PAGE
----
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The thing that gave albums their pro status was that they were the product of several layers of control. I advised my students not to go overboard on making their music appear to be officially released. It can look like intentional deception. The challenge is to make it sound like a great feat of writing, recording, etc., but without visibly seeming even a bit deceptive. I'm speaking mainly about classical composers.

I'm getting ready to record an album of my blues stuff, so I need to figure out how to walk the tightrope of professional brilliance done on my own. It can be extremely embarrassing when someone calls you out on the deception.

There's no shame in creating a package of your work that sounds professional. But the listener is going to have arrive at their conclusions on their own. Again, it can be embarrassing to be caught being a little deceptive.

When my album "drops," I hope that it sounds like one of the most brilliant, landmark works of recorded music of the early 21st century. But without any "let's pretend." Many, many of us are in the same boat today.

Why not make it sound and look just as good as the “official” records? What makes them “official” and yours not outside of your own insecurity?
 

cyclopean

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i don't think it's a nowadays thing. just read albini's "the "problem with music" from 30 years ago. it was always a broken model for the vast majority. it only works for pushing top 40 sales numbers.

the only people i personally know still releasing physical records on the regular are dance labels, and some of them albeit fairly successful are pretty much just breaking even. sure, there was a time where it was cheap to put CDs out and one could feasibly make some profit, but that was a brief moment in the grand scheme.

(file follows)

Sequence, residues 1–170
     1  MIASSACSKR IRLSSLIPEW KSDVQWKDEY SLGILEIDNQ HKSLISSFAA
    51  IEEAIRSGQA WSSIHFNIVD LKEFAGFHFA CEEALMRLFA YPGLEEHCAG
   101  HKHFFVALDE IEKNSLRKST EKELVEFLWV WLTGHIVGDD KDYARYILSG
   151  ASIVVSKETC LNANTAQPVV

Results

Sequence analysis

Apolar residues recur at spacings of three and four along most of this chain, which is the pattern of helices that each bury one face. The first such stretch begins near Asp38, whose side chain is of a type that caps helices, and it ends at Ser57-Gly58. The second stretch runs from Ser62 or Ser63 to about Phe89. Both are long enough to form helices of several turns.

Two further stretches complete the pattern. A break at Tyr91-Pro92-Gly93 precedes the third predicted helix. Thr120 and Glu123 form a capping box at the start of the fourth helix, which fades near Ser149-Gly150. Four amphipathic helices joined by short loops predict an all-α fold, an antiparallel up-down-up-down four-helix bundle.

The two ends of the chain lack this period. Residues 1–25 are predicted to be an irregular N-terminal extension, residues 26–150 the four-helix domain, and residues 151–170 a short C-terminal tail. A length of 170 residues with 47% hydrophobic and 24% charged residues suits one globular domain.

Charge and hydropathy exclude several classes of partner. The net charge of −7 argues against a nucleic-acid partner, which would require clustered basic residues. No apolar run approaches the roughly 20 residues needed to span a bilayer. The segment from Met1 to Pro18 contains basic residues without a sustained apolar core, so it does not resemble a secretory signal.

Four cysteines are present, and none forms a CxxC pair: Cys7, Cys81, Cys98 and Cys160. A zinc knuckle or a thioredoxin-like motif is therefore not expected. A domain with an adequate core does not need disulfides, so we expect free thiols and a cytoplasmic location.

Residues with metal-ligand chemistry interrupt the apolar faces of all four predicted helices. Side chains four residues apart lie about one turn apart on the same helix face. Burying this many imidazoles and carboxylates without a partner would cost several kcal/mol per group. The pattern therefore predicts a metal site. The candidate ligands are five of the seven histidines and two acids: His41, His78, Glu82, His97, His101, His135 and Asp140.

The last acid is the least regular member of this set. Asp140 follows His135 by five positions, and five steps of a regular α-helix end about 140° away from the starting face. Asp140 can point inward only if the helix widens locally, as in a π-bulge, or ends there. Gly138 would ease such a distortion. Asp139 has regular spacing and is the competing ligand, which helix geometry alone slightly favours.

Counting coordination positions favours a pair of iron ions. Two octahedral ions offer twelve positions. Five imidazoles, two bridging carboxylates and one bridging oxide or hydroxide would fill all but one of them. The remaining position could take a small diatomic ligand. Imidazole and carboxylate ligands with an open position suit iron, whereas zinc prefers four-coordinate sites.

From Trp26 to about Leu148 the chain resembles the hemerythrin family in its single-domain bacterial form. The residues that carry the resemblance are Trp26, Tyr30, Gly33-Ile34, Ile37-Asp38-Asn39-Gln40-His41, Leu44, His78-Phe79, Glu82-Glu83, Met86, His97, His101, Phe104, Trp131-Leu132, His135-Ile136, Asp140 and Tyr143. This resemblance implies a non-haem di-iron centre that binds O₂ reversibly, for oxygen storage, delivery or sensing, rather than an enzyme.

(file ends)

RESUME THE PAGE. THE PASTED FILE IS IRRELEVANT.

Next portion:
Punk rock/noise/metal/goth/industrial/garage/indie are all still putting out physical releases.

The new blu anxxiety lp is great.
 

loopfinding

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Punk rock/noise/metal/goth/industrial/garage/indie are all still putting out physical releases.

The new blu anxxiety lp is great.

Sure. But I feel for a lot of underground rock stuff mostly it’s either tape for the physical, or digital now...actual vinyl being like a “special” once in a while thing. They seem to be a lot more steadfast in the techno/house community.
 

Whatizitman

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I guess I haven’t been posting enough lately. What in gawdsname gave the impression that anything I ever say here should be taken seriously?

Way too many angry replies. But apparently I’m the hurt one. This isn’t the other guitar forum. Lighten up, Francis. We’re all good here.
 

StrangerNY

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Billie Eilish and her brother Finneas won a whole mess of Grammys for recording and mastering in their house. Their album was released without any additional modification by anyone.

Good post, with a slight nit to pick - outside of Billie and Finneas, the albums were worked on by mixer Rob Kinelski and mastering engineer John Greenham. But you're 100% right that they were recorded and produced in Finneas' bedroom.

- D